Chapter 2, The Brilliant Teaching Turned toward the Tang Empire, explores the nature of the Chinese Christianity expressed in the texts, explaining why past designations such as “Nestorian” fail to describe it. Rather, MNZ draws our attention to the way that Christianity was not imposed according to any particular doctrinal designation but rather emerged in concert with existing Chinese beliefs. For understanding Chinese Christianity requires “approaching others with a desire to listen to them on the basis of their identity and not pigeonholing them in categories that in our case would be Western and, what is more, doctrinal” (59). What follows in this chapter is a stunning exploration of the Chinese imagery, symbolism, linguistics, and philosophy (cosmic and ethical) that permeate these Chinese Christian texts, which can thus only be understood as cultural mergers that defy preexisting western designations. Highlights in chapter 2 include discussion of St. Thomas of India (70-72); some fascinating exploration of imperial political intrigue as the backdrop for the history chronicled on the famous stele; evidence of the suppression of Christians, Jews, Muslims, Zoroastrians and Buddhists as heretics; and, importantly, various causes for “the eventual disappearance of the Church of the East at the end of the ninth and the beginning of the tenth century” (79-80), including the “Muslim conquest of Persia,” massacres of Christians and other groups in Guangzhou during the Huang Chao rebellion in 877-78; and the basic fact that in two centuries, “Christianity had failed, or simply had not had enough time and means, to penetrate deeply into the different strata of Chinese society” (84). The chapter also explores the names and titles of the monks on the stele and potential locations of monasteries and Christian communities.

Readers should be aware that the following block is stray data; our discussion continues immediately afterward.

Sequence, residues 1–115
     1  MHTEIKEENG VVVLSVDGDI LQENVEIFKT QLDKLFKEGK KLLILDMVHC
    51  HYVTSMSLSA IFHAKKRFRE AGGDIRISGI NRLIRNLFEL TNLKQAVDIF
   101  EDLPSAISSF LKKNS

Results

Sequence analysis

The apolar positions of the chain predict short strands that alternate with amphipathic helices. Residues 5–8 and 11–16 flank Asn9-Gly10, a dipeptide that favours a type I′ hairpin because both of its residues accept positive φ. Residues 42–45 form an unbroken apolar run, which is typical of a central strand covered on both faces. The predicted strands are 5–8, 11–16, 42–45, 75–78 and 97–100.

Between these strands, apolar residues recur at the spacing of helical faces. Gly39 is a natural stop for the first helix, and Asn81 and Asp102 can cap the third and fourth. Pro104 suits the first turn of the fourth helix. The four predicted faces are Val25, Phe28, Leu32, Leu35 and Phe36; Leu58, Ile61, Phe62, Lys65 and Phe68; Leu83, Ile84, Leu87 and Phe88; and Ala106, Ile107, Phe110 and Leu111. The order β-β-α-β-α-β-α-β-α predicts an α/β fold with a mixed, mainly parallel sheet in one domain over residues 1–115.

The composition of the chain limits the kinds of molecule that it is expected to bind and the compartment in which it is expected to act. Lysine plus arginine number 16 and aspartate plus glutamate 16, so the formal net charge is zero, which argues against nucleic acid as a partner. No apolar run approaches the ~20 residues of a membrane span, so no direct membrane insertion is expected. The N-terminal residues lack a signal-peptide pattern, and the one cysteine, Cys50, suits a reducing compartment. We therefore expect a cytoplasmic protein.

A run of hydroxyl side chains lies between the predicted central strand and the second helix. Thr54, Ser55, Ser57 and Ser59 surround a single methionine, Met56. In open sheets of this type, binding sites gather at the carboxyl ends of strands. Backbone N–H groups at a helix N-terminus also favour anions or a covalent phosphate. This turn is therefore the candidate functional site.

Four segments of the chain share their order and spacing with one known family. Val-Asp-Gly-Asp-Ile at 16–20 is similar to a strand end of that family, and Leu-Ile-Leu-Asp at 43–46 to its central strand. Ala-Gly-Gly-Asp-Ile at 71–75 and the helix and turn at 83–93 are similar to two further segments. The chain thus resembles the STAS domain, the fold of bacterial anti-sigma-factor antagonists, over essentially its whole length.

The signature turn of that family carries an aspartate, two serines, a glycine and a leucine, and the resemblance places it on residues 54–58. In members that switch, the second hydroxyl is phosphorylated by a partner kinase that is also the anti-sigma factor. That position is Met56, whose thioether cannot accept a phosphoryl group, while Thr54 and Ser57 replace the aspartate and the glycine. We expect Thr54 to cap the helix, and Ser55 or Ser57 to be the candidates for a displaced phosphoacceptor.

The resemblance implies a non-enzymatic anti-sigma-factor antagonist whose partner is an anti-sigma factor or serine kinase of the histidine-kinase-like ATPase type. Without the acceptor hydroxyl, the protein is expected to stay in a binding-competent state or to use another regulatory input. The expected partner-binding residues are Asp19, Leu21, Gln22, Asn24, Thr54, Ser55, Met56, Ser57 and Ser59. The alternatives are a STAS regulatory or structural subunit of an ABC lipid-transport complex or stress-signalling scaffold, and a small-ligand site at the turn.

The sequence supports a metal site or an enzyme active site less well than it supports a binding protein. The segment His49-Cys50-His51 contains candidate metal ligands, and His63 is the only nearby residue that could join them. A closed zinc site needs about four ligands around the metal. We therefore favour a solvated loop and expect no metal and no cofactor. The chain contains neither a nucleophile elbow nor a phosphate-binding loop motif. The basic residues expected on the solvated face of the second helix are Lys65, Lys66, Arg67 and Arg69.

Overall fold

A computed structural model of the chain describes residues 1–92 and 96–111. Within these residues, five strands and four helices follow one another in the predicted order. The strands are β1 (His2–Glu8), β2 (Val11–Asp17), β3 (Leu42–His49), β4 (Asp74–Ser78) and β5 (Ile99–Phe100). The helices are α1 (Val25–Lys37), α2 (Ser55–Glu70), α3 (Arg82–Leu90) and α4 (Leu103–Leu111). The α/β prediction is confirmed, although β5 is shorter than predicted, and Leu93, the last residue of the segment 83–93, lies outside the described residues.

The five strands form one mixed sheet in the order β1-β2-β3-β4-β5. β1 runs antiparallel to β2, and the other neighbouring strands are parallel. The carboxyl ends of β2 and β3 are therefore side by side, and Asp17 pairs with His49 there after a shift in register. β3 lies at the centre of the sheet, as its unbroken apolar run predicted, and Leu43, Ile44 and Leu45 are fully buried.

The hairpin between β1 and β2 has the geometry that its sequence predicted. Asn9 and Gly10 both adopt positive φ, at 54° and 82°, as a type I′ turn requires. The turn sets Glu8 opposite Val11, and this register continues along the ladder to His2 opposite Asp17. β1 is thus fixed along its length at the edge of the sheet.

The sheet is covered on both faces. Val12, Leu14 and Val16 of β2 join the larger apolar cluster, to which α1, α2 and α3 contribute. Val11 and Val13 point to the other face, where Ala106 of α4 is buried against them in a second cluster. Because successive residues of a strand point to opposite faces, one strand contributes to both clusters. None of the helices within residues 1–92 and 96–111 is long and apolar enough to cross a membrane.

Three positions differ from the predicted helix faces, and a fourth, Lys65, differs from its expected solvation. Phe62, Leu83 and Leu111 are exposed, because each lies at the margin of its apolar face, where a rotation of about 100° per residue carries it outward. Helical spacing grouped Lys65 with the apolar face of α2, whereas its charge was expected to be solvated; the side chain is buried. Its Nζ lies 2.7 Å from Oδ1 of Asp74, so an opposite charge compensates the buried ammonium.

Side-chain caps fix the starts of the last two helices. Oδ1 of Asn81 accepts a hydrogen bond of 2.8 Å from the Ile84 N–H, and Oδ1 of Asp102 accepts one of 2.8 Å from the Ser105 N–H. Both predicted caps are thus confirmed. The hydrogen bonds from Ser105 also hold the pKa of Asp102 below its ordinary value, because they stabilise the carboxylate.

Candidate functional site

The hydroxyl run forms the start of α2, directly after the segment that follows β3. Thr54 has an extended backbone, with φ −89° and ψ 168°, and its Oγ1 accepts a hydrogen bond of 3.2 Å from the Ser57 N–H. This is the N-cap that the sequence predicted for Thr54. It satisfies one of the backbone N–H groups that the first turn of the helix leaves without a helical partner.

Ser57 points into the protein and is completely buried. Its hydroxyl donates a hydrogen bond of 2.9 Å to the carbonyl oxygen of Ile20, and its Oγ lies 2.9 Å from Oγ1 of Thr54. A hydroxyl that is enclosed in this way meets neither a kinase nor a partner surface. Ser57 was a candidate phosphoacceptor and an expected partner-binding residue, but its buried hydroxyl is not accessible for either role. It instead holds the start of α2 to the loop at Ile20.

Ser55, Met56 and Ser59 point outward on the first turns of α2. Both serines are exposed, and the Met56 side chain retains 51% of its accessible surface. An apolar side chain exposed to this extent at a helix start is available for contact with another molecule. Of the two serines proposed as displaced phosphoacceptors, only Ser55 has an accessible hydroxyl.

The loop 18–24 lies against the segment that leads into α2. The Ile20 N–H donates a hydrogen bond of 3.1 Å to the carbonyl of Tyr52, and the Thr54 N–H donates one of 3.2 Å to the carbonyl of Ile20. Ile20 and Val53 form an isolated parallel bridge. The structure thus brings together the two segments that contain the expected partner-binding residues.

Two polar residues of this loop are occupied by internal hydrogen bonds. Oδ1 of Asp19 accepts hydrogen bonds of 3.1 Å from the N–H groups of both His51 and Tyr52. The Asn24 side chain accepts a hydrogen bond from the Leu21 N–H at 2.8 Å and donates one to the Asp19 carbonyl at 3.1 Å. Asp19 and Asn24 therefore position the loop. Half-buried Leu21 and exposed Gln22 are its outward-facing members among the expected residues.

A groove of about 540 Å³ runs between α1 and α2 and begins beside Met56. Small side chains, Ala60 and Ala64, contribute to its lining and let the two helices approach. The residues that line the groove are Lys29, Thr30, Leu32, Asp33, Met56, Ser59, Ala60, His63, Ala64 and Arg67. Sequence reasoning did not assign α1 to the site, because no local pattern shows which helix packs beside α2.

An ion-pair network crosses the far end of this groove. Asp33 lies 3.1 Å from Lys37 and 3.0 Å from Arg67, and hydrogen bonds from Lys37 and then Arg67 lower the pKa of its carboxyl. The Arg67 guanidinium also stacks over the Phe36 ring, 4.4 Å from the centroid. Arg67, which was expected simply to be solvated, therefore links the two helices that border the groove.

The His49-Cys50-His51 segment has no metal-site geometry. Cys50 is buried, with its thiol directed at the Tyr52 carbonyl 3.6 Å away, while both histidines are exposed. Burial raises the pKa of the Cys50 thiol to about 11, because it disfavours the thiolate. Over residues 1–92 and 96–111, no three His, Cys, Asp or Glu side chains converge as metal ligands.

The generously illustrated Chapter 3, The Scriptures Were Translated, focuses on the textual sources used for the edited works, including: an exciting history of the discovery of Xian stele (erected 781); discussion and images of the 815 Luoyang Pillar (which offers both Buddhist and Christian images and thus displays “a cross-cultural approach to religious iconography adopted by the Church of the East in China” (140); and the discovery of this volume’s other major source outside of the stele, the Dunhuang Manuscripts. A full catalogue of the manuscripts of the so-called “corpus ‘nestorianum’ sinicum” thus follows (159-163); and then comes a sub-chapter, The Production and Literary Forms of the Texts, which includes: “Dating and Authorship” (164-69); “Chinese Style Translations and Compositions” (169-77); and a history of approaches to the “Content of the Texts” (177-89), which reveals the limits of an “entirely modern Christian approach” and the evolution of more fitting “intercultural” approaches. In the record of contemporary reception, one constantly wonders how to “quantify the degree of assimilation of Chinese cultural and philosophical-religious elements into the Christian theological system” (181). Understanding the “transformations” wrought by “transmission” and “translation” (182) are ever critical to comprehension of these texts, and relevant here is an awareness of a “pervasive ‘taste for harmony’” (183) in Chinese culture.